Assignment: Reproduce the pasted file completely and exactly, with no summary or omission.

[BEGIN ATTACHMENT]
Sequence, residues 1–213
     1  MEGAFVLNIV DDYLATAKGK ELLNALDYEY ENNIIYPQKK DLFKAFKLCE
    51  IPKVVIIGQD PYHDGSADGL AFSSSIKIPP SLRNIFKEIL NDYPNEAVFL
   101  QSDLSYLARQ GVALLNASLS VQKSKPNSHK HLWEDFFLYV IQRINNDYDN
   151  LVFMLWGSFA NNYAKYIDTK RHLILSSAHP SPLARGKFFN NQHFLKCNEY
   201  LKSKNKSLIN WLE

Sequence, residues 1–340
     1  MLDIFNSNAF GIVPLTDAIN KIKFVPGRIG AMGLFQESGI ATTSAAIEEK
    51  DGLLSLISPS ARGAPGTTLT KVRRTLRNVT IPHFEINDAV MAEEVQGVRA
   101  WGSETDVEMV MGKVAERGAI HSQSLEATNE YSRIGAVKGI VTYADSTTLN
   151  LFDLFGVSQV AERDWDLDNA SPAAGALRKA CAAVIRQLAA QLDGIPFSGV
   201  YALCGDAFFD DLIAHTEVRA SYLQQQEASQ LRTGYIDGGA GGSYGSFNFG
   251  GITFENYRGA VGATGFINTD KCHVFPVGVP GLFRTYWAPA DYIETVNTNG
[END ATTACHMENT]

Sequence, residues 1–213
     1  MEGAFVLNIV DDYLATAKGK ELLNALDYEY ENNIIYPQKK DLFKAFKLCE
    51  IPKVVIIGQD PYHDGSADGL AFSSSIKIPP SLRNIFKEIL NDYPNEAVFL
   101  QSDLSYLARQ GVALLNASLS VQKSKPNSHK HLWEDFFLYV IQRINNDYDN
   151  LVFMLWGSFA NNYAKYIDTK RHLILSSAHP SPLARGKFFN NQHFLKCNEY
   201  LKSKNKSLIN WLE

Sequence, residues 1–340
     1  MLDIFNSNAF GIVPLTDAIN KIKFVPGRIG AMGLFQESGI ATTSAAIEEK
    51  DGLLSLISPS ARGAPGTTLT KVRRTLRNVT IPHFEINDAV MAEEVQGVRA
   101  WGSETDVEMV MGKVAERGAI HSQSLEATNE YSRIGAVKGI VTYADSTTLN
   151  LFDLFGVSQV AERDWDLDNA SPAAGALRKA CAAVIRQLAA QLDGIPFSGV
   201  YALCGDAFFD DLIAHTEVRA SYLQQQEASQ LRTGYIDGGA GGSYGSFNFG
   251  GITFENYRGA VGATGFINTD KCHVFPVGVP GLFRTYWAPA DYIETVNTNG